- Step forward with your right foot, placing it in front of your left foot.
- Step forward with your left foot, placing it in front of your right foot (your first position).
- Continue to step forward using the opposite foot each time for 20 steps.
- Turn around and repeat the exercise until you are back in your starting position.
- Repeat five times.
Heel raise exercise
Introducing the ‘heel raise’, a fall-prevention exercise that helps strengthen your calf and thigh muscles to improve overall balance, flexibility, and functionality. If you need extra help with this move, look no further than your kitchen. Using the back of a chair will give you additional balance.
- Stand behind a sturdy chair with your feet flat on the food, six to eight inches apart.
- With a slight bend in your knees, lift your heels off the floor using the balls of your feet.
- Drop your heels back on the floor so you’re in the starting position.
- Complete two sets of this exercise, with 10–15 repetitions.
March in place exercise
If you’re looking to increase your core stability and improve your balance, look no further than the ‘march in place’ exercise. This exercise helps seniors prevent falls by increasing their performance in single-leg movements and building enough leg strength to avoid shuffling while walking. You can stand near a wall or countertop for extra support.
- Stand with your feet slightly apart and your arms at your side.
- Lift your right knee up towards your chest.
- Place your right knee back on the floor and repeat this move with your left knee.
- March in place, lifting your right and left knee up towards your chest for up to 30 seconds.
- Repeat five times.
Sideways walking exercise
The ‘sideways walking’ fall-prevention exercise is both simple and effective. Using your legs to step sideways increases stability, while having a narrow stance during this exercise can help you focus on your balance. If you want more of a challenge, add a resistance band and go lower in your squat.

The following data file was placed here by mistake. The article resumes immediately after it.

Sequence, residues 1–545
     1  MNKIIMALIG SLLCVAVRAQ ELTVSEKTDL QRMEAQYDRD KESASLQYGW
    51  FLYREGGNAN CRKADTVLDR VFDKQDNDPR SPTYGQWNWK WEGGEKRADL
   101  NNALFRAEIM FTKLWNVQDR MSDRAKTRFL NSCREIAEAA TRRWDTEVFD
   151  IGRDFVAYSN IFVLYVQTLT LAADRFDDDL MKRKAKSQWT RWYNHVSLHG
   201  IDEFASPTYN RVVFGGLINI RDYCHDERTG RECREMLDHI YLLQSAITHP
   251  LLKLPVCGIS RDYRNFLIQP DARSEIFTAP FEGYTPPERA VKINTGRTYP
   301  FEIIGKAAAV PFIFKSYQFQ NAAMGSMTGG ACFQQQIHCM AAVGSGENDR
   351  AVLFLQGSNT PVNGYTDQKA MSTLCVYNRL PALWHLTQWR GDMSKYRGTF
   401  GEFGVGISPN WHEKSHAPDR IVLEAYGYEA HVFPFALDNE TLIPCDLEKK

- Stand with your feet hip width apart in a mild squat position.
- Slowly take a step to the right with your right foot.
- Bring your left foot beside your right foot, then take another step to your right with your right foot.
- Perform 10 steps and change direction.
- Repeat for another 10 steps, this time stepping to the left.
One leg balance exercise
The ‘one-leg balance’ exercise is more challenging than it looks—especially for weaker bodies—but the benefits are undeniable. Place both hands on a kitchen counter, sink, or sturdy chair for extra support. Going at your own pace will ensure you stay safe while completing the movement.
- Stand on your left leg with your right leg elevated off the floor for as long as you can, working up to 60 seconds.
- Switch to your right leg and repeat the movement.
- Repeat for five sets.
Increase the difficulty by:
- Folding your arms across your chest while completing this exercise.
- Holding both arms out to the side while completing this exercise.
- Folding your arms across your chest while you keep your eyes closed.
Hip circle exercise
Adding ‘hip circles’ to your daily routine is a great way to build balance. Not only do hip circles improve flexibility as you age, they also help strengthen and stabilize the muscles around your hip joint.
- Using your hips, make a big circle in a counterclockwise direction without moving your shoulders or feet.
- Repeat this movement five times.
- Go back to the starting position and repeat this exercise in a clockwise direction.
Tai Chi movements
Studies show that Tai Chi is effective in preventing falls and “improving balance, muscle strength, proprioception, and endurance in older adults.” Because it’s all about slow, continuous movements, it helps strengthen the internal muscles and support your spine, leading to better posture, alignment, and balance.
Before committing to an in-home practice, it might be a good idea to take a class. Having a qualified caregiver to transport you to your local Tai Chi class will help you learn the fundamentals of this exercise as well as how to avoid injury. Plus, it has the added benefit of meeting new people in your community and making new friends. Win win.